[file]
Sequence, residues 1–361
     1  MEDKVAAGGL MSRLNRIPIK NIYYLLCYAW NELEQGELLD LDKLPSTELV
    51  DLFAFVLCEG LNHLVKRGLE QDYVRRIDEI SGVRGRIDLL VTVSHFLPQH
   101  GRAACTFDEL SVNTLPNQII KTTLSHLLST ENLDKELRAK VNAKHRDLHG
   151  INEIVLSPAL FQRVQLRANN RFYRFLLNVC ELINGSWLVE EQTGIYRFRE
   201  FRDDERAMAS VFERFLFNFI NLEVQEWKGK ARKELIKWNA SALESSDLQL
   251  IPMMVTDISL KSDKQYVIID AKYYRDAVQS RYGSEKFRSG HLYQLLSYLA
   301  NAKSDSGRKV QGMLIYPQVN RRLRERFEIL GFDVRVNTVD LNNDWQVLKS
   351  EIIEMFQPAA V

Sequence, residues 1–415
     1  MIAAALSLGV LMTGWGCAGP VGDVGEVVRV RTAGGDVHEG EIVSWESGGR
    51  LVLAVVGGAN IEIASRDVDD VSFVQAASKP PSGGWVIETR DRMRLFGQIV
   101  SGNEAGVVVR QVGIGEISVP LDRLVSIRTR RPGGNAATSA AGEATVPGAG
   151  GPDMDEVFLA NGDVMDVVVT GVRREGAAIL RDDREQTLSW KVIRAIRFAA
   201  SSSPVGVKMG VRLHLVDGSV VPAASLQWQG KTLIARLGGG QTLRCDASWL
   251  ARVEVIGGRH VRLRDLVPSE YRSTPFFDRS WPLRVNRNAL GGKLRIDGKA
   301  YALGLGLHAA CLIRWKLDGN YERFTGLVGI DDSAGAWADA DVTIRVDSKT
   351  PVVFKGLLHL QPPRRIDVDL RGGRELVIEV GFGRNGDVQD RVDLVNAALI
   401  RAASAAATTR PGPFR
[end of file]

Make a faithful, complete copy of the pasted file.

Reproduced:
Sequence, residues 1–361
     1  MEDKVAAGGL MSRLNRIPIK NIYYLLCYAW NELEQGELLD LDKLPSTELV
    51  DLFAFVLCEG LNHLVKRGLE QDYVRRIDEI SGVRGRIDLL VTVSHFLPQH
   101  GRAACTFDEL SVNTLPNQII KTTLSHLLST ENLDKELRAK VNAKHRDLHG
   151  INEIVLSPAL FQRVQLRANN RFYRFLLNVC ELINGSWLVE EQTGIYRFRE
   201  FRDDERAMAS VFERFLFNFI NLEVQEWKGK ARKELIKWNA SALESSDLQL
   251  IPMMVTDISL KSDKQYVIID AKYYRDAVQS RYGSEKFRSG HLYQLLSYLA
   301  NAKSDSGRKV QGMLIYPQVN RRLRERFEIL GFDVRVNTVD LNNDWQVLKS
   351  EIIEMFQPAA V

Sequence, residues 1–415
     1  MIAAALSLGV LMTGWGCAGP VGDVGEVVRV RTAGGDVHEG EIVSWESGGR
    51  LVLAVVGGAN IEIASRDVDD VSFVQAASKP PSGGWVIETR DRMRLFGQIV
   101  SGNEAGVVVR QVGIGEISVP LDRLVSIRTR RPGGNAATSA AGEATVPGAG
   151  GPDMDEVFLA NGDVMDVVVT GVRREGAAIL RDDREQTLSW KVIRAIRFAA
   201  SSSPVGVKMG VRLHLVDGSV VPAASLQWQG KTLIARLGGG QTLRCDASWL
   251  ARVEVIGGRH VRLRDLVPSE YRSTPFFDRS WPLRVNRNAL GGKLRIDGKA
   301  YALGLGLHAA CLIRWKLDGN YERFTGLVGI DDSAGAWADA DVTIRVDSKT
   351  PVVFKGLLHL QPPRRIDVDL RGGRELVIEV GFGRNGDVQD RVDLVNAALI
   401  RAASAAATTR PGPFR